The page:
Choosing a control strategy

Given the diverse climates within Australia the activity of fruit flies varies from state to state and region to region. Factors like temperatures, moisture availability and host fruits all play a part in influencing how fruit flies behave in a region. Understanding how fruit flies behave in your local area will be important in implementing a control strategy. While many of the specific activities will be similar, the timing of these can vary significantly.

In the southern regions of Australia, fruit flies have a distinctive pattern whereby the adult flies that have survived winter will start to become active in the warmer spring or early summer temperatures. Egg laying follows as host fruits become available and if there temperatures are high enough. By autumn, fruit fly activity is slowing and ceases altogether. In contrast, the warmer temperatures in Queensland and the north of Australia may mean fruit flies are active throughout the year. In these northern climates availability of fruiting hosts may be the limiting factor. In some locations, fruit fly activity will be very low or close to zero throughout the winter months, while at other locations, fruit flies may be active throughout the year.

Choosing and developing an effective fruit fly control strategy at home requires some thought about what fruits and vegetables you want to grow, where you live, and what measures you are prepared to undertake. Some of the decisions include:

Exclusion or control?

For small areas and high value crops, surrounding your fruit trees and other crops with a fine mesh that excludes fruit flies may be worthwhile. Provided that the mesh is fine and free from large holes it can completely prevent fruit flies from accessing your crop. However, it can be difficult to fully enclose large trees and you will need to only put the mesh up after pollination. This technique can be labour intensive and more expensive, but can be very effective.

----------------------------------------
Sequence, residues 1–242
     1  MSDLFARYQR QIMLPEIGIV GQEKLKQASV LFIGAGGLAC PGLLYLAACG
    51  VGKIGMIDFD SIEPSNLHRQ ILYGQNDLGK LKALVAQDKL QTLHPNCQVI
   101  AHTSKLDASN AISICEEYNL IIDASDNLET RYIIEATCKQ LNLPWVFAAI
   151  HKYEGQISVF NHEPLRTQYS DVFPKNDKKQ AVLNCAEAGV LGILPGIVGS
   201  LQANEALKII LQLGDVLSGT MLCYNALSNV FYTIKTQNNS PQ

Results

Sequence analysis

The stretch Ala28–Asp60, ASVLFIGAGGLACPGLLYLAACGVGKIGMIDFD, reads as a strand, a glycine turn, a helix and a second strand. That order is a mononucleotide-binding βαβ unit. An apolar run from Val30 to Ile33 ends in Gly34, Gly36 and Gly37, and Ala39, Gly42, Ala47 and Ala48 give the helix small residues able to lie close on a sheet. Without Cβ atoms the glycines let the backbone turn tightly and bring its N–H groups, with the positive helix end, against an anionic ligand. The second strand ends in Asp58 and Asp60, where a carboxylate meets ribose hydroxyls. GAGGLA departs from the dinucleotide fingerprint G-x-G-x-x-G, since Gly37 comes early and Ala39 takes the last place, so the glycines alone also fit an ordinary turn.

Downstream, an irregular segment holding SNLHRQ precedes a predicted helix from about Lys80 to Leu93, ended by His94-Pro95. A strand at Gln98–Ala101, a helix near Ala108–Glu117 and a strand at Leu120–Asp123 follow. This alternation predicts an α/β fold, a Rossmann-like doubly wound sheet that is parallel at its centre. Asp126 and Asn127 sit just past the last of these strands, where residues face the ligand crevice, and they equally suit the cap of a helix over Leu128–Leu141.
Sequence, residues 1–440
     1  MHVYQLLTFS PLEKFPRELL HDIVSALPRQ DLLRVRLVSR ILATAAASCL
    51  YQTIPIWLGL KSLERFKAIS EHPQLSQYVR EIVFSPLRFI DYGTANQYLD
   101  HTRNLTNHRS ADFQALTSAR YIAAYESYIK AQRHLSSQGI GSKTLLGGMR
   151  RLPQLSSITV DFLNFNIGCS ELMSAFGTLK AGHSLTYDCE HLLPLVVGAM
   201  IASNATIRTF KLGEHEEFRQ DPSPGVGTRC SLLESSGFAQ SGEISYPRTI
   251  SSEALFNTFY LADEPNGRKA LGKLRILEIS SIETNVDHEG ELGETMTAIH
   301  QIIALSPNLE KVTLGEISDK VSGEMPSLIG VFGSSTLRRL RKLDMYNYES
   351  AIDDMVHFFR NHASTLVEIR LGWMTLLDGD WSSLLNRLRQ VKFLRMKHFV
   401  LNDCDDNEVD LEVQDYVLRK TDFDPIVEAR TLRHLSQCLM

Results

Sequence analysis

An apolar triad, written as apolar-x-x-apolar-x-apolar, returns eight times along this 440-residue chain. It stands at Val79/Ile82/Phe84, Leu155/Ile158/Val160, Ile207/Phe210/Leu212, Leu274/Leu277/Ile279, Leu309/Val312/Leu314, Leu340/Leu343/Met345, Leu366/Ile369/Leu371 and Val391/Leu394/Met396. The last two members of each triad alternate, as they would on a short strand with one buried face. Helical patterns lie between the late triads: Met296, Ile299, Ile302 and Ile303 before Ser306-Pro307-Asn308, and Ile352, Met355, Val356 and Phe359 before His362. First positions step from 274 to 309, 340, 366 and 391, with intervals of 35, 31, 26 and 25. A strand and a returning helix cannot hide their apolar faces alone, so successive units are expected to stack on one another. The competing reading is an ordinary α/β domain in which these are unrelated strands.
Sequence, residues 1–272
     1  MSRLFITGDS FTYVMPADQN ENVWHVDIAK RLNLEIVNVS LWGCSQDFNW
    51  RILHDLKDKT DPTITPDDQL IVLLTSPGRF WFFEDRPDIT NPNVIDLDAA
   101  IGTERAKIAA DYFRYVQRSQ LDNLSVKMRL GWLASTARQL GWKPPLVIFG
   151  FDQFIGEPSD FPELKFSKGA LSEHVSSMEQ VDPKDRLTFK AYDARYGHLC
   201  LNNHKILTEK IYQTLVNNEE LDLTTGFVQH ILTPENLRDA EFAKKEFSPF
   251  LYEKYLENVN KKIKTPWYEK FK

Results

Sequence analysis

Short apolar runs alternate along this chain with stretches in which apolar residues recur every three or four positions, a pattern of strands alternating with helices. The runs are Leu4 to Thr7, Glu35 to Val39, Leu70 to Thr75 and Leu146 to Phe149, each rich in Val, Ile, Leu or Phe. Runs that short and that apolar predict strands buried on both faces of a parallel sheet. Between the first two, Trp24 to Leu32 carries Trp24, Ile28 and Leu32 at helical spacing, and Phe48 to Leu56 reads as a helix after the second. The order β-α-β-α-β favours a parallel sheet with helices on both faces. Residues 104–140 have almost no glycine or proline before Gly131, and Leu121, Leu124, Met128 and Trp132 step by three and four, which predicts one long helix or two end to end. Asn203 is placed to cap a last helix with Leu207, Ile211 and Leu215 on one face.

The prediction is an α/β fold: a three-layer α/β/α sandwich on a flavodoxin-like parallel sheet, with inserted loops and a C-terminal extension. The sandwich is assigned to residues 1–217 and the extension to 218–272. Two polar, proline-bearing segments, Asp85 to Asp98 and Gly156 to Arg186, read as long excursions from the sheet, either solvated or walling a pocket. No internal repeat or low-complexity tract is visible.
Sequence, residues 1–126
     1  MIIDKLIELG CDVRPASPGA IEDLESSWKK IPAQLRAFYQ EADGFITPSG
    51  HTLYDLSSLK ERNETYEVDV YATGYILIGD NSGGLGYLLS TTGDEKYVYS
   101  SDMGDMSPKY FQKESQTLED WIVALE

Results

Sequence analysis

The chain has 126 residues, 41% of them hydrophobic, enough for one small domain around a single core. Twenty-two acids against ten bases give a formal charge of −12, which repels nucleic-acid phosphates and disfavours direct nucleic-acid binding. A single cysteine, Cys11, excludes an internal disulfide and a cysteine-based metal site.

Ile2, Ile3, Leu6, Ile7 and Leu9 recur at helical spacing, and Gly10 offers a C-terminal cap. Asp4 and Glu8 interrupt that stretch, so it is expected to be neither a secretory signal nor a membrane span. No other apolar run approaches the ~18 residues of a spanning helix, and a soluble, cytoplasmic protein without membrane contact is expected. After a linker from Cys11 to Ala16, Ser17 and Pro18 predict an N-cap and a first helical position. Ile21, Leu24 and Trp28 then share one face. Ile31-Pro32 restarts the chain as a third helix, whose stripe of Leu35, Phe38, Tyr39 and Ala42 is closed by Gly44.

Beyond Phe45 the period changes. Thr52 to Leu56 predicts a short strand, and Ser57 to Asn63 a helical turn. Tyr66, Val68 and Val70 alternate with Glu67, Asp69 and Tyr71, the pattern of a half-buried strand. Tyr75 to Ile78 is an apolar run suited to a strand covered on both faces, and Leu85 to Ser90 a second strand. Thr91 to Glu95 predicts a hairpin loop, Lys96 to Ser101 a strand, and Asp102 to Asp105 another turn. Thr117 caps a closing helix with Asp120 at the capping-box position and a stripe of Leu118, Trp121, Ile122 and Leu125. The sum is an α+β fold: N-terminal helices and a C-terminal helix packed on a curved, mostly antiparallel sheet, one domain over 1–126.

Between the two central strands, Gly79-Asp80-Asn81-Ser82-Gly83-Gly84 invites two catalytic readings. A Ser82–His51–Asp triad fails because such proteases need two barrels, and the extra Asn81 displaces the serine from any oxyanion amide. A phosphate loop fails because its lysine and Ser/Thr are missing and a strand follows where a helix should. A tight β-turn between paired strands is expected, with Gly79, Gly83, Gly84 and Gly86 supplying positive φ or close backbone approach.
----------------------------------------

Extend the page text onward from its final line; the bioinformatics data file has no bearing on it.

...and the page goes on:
Alternatively, there are a range of fruit fly baiting and trapping options available and while these are not difficult to use, they do take a sustained effort throughout the growing season.

Do I want that plant?

Fruit flies can affect a wide range of fruits and fruiting vegetables. Unintentionally, that unwanted or abandoned fruit tree could be providing a habitat for fruit fly populations to build up on before they move into your prized tomatoes and capsicum. If you have a fruit fly host plant that you don’t want, replacing it with a a purely ornamental plant could make a big difference.

Fruit Fly Host List (agriculture.vic.gov.au)

What control methods am I prepared to use?

Increasingly many of the older chemical pesticides are being withdrawn from use meaning that the available control options are already less toxic to beneficial insects and many fruit fly control options are considered “organic”. However, some traps and lures still use chemical killing agents. While these chemicals are contained within the trap or lure and will never contact your plants, if you have young children or pets, you may be reluctant to use them.